does having plagues of your own make you hardened against plagues from a different continent? Not all of them. Possibly some (don't count on it). That's a bit like asking whether having risked being maimed by lions offers any protection against being maimed by leopards or crocodiles. Obviously it does not. There is a very tiny possibility that the pathogen ...


2

It would be as virulent as it is today. By that I mean that the spread rate would be proportional to human population. The main issue would be spreading. We could assume that each household had a dog that could catch rabies. The problem is how to spread it. The dogs were expected to be aggressive and bite everyone. They were released from chain for the night ...


2

A rabid dog is something that a good wall can deal with. Or a well-thrown rock. Not to mention that the danger was obvious. Fleas were a lot harder to exterminate, even if you realized that they were the problem. (Note that exterminating rats is also somewhat harder AND leads to fleas leaping to humans as new habitat. People have learned that you deal ...


2

This would be almost impossible for a few reasons. But hey, impossible makes for an interesting story, so let's work through it with a few creative stretches here and there. The Chinese were interested in tribute. It's essentially a racket. You give us horses, gold, and other wealth, as well as whatever other curiosities you have laying around, and we don't ...


2

If you preserve the asymmetry of travel, with more people travling from Europe to the Americas than the other way, the problem persists. The incubation period for disesases is shorter than the time to cross the Atlantic. Healthy carriers are traveling from Europe to America. Europeans who contract illnesses in the Americas: Die in America, so do not spread ...


2

This is sort of like asking if a nation that had become resistant/immune to cholera would then be resistant/immune to small pox. There is a fairly low limit to the overall resistance an immune system can create, beyond which it develops countermeasures to specific maladies that it had encountered before. It doesn't matter how strong an immune system your ...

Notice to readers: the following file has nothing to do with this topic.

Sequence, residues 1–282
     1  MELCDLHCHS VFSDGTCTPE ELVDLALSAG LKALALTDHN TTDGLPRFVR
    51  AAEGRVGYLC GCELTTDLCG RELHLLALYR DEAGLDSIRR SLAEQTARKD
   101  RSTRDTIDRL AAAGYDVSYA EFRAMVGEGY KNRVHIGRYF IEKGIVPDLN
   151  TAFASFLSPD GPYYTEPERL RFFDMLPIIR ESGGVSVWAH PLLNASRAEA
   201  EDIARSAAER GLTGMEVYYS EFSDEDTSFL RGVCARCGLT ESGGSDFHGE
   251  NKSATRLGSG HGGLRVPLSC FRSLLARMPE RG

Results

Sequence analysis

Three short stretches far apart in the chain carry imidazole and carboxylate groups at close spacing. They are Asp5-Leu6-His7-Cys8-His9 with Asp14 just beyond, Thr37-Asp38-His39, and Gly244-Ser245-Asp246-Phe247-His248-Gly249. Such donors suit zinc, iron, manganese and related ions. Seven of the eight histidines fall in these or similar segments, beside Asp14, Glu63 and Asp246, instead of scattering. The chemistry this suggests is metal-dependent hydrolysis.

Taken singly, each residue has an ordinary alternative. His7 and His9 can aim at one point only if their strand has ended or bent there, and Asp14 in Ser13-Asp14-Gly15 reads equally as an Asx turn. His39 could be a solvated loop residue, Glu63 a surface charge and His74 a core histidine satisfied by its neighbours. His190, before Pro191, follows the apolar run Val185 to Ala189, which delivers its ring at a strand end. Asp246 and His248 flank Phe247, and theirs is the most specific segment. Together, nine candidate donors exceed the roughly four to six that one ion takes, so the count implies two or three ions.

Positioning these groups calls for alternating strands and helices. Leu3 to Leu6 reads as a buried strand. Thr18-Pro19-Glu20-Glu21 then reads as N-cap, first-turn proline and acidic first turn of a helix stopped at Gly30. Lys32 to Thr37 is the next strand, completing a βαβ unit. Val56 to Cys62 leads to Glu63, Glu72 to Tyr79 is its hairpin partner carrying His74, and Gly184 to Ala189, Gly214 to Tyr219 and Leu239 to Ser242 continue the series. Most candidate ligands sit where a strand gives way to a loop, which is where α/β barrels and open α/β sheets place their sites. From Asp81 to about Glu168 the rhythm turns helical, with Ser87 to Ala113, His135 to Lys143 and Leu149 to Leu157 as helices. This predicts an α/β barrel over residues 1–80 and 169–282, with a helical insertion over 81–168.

1

I'm posting this as an answer instead of a comment due to its length, but I want to emphasize the point @user3757614 made above: a major factor in the die-off of Native Americans exposed to European diseases wasn't the disease itself, but lack of care for the sick. There is evidence for this. A similar situation occurred in the late 19th century: isolated ...


1

To summarise the findings of all the answers, as I understand them: People of a local population may or may not be more resistant to a disease that's been with them for a number of centuries (the answers disagree). Any such endemic resistance would be in the form of genetic traits - like Sickle cell anemia in African people that happens to make them more ...


1

Were or weren't Native Americans killed in greater numbers to Old World diseases, measured as the mortality rate for specific diseases, then the people from the Old World with whom that disease originated? Mortality rate does not include those who were already immune and never contracted the disease during a specific outbreak. They were. By a lot. To the ...